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There is much to celebrate during National Infant Immunization Week this year. More than 90% of children 19 to 35 months have received all the recommended doses of vaccines for their age against polio, measles, mumps, rubella, chicken pox, and hepatitis B — and more than 80% have received all the recommended protection against diphtheria, tetanus, pertussis, pneumococcus, and Haemophilus influenzae.
But there are also reasons to be concerned. Only 72% have had all the recommended vaccines, which means one in four children is missing at least one. Even more concerning, studies show that there are geographic clusters of underimmunized or unimmunized children — and it’s within these clusters that vaccine-preventable diseases can sprout up, and spread, quickly.
Vaccines save lives. They have dramatically decreased the incidence of many diseases that used to cause real harm and even death. Illnesses that used to be dreaded are now becoming almost forgotten. But vaccines don’t work if children don’t get them.
Here are three ways we can work together to save more lives:
1. Make sure that all children have access to health care. It isn’t just vaccine hesitancy that gets in the way of vaccination. For many families, it’s more about not having a doctor nearby — or not having health insurance or other means of paying for health care. While there are programs that help with the cost of the vaccines themselves, they don’t cover the cost of the doctor’s visit and other well-child care that usually comes along with vaccines. Health care access and coverage is important for all aspects of child health, of course — vaccines are just one part, but an important part.
2. Make sure that all parents have access to accurate information about vaccines. There are a lot of rumors out there, such as that vaccines cause autism (they don’t) or that spacing out vaccines is better for babies (it’s not). With the rise of the Internet, it has become easier for misinformation to spread — and once parents are afraid, that can be hard to undo. There is lots of good scientific evidence to show that vaccines are both effective and safe, and we need to do a better job of getting that information to parents. It’s not always possible to have a really full discussion at a 15-minute well-child visit, so we need to think more creatively about how we can proactively get information to parents — and make better use of social media and other communities to spread facts instead of rumors.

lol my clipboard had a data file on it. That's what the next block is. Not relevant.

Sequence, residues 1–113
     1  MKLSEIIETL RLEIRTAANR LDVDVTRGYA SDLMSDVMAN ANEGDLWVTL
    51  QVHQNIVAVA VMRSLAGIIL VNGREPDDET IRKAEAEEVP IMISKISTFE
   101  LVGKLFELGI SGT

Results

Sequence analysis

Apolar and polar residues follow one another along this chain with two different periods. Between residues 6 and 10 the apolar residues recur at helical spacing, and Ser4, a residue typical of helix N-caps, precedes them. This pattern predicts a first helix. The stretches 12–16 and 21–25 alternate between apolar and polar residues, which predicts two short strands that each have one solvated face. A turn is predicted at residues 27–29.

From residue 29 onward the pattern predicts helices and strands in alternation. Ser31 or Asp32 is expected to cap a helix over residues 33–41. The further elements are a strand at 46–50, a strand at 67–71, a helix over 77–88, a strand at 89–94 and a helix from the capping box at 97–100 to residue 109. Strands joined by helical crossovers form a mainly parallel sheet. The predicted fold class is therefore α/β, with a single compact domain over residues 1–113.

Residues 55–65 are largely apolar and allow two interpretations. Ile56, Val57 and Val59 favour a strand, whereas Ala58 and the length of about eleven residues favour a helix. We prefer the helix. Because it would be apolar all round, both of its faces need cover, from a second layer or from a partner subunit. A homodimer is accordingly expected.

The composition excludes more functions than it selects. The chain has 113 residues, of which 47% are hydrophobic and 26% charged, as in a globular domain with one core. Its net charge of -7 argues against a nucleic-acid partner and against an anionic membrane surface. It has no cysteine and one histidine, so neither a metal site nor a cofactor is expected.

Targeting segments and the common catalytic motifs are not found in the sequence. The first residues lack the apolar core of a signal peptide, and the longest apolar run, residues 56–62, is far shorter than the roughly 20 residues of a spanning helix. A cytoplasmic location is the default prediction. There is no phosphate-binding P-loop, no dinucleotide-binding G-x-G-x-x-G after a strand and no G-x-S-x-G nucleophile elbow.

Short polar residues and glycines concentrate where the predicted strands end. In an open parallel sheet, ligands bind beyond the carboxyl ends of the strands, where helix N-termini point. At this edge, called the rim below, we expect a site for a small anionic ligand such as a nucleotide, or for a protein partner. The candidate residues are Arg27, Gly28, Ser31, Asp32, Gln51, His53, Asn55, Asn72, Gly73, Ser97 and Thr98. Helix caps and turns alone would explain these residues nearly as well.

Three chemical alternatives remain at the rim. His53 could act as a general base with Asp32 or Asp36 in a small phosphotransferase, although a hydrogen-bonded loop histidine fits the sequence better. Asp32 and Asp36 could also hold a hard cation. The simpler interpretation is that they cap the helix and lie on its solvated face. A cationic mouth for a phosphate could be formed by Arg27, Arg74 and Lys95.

3. Make sure that we understand the concerns of vaccine-hesitant parents. Research on vaccine hesitancy has shown that there are lots of different reasons why parents worry about or refuse vaccines, and just telling people it’s a good idea isn’t going to do the trick. For example, an interesting study published in Nature Human Behavior used moral foundations theory to explore how parents make decisions about vaccines, and found that vaccine-hesitant parents placed a high value on personal liberty and purity. That means that arguments about avoiding harm (by vaccinating against harmful diseases) or fairness (saying it’s not fair to put others at risk by not vaccinating) simply weren’t as important to them as their arguments that forcing them to vaccinate violates their personal liberty, or that vaccine additives are impure (this is another area where misunderstandings are common). If we want to be successful, we need to take the time to understand and address all the reasons behind vaccine hesitancy.
Ultimately, we all want the same thing: to keep our children healthy and safe. Working together, we can make that happen.
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